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Category:    Home > Reviews > Fantasy > Adventures > Battles > Epic > Drama > Middle Earth 4K 31-Disc Collector's Edition Box Set (2001 - 2014/MGM/Warner 4K Blu-ray w/Blu-ray Set)

Middle Earth 4K 31-Disc Collector's Edition Box Set (2001 - 2014/MGM/Warner 4K Blu-ray w/Blu-ray Set)

4K Picture: B+ Picture: B Sound: B+ Extras: B+ Films: C+

The Peter Jackson Lord Of The Rings 4K and Hobbit 4K films sets have been collected into a new Middle Earth 31-Disc Collector's Edition 4K Set, which also includes new regular Blu-rays with the new transfers reduced to regular 1080p HD quality, but include the new lossless Dolby Atmos 12-track upgrades and a really nice hardcover book. This packaging is nice overall. We already covered the films in their original, separate 4K-only releases at this link:


So despite the cast, its chemistry, status of the books and money on the screen, plus nice scenery the Rings films can deliver, I am not a fan of the films, they lost some of the character we were seeing in the animated versions of the books from decades ago and they have not aged as well as they cold have in a short time. With a TV series follow-up in the works, some of what I say will be vindicated when it has some visual effects that look better than these films.

Others have criticized the series for lack of diversity and some of that comes from the comparison of the books versus films, but that's a separate essay that will soon be revived by the release of the new series, so anything I could or would say would be dated and likely obsolete by then. Thus, I will skip that part.

That leaves us with the remastering of the picture. I have no doubt this is as good as these films will ever sound and even I cannot deny they have fine sound design, though I can name no specific scene from the six releases that I would consider a sonic demo.

The Rings films were shot on Kodak 35mm color camera negative with digital visual effects that were not all 4K (to say the least) and many CGI effects that looked dated on arrival to me. The Hobbit films were shot with Ultra HD cameras that delivered authentic 4K, but had odd limits where you could not have certain kinds of materials in front of the camera or they would ruin the image (!!!???!!!) and it was all recorded at 48 frames per second (of 'fps') versus the world sound standard of 24fps that the new versions have been reduced to. Errors on the later were annoying and even headache inducing, especially in 3D versions we also covered elsewhere on this site.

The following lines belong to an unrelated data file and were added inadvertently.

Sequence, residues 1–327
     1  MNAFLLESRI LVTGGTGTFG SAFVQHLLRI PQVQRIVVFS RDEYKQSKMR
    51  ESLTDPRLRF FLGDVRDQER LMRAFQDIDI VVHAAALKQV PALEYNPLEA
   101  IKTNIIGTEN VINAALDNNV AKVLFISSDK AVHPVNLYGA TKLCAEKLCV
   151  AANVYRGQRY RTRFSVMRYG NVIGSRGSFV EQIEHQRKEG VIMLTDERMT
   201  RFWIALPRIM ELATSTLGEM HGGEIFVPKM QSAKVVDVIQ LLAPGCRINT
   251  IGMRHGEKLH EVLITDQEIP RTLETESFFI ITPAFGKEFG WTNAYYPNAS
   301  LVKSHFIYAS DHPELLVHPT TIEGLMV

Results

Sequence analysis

So that begs the question, are these even authentic representations of the films as original issued theatrically? Not always, but since there are a ton of the older regular Blu-rays and Blu-ray 3D editions out there, some purists will want to keep those versions and even bigger fans will want at least one of EVERY version that has been issued to date.

However, any remastering on the Rings films definitely brings out more of the original photochemical camera negative quality, especially thanks to the 12-bit color and scene-specific capacities of the Dolby Vision (plus 10bit HDR for older 4K setups) used on all six 4K 2160p versions of these films and their various cuts. That outdoes the older versions including likely some original theatrical presentations, while the Hobbit remasters make the images sharp, clean and color-corrected in a way that does not always resemble the older editions, though I like the results better, why could they not have looked this good in the first place versus such a high-risk production with a camera that was semi-obsolete on arrival that should have stayed in the research and development lab. Not as obnoxious as what Ang Lee has been doing in the place of actual storytelling for the last decade or two, it is the reason the films were not as commercially and critically successful as the Rings films. That they came after is NOT the reason either.

If anything, it makes the Hobbit films a whole new experience and though it does not make them better films, it makes them more tolerable. Still, they managed to have a fake look and feel like nothing else I have sat through before, save some very bad (ofter earlier) CGI feature productions (Zemeckis' Beowulf or Final Fantasy: The Spirits Within, now also out in 4K like other CGI features in the series, all reviewed elsewhere on this site) that feel fake off the bat and makes me wonder why I am even bothering watching in the first place.

Part of this comes from Hollywood trying to work its way into the lucrative and often fun video games market, but these have often been ill-advised projects (reflected in more than a few cases by how much money was lost) and is barely for such fans only. However, if you are a Rings/Hobbit fan, this is obviously the set to get (whether they hold onto those earlier, now out of print editions) and they should snag their copy while supplies last!

- Nicholas Sheffo


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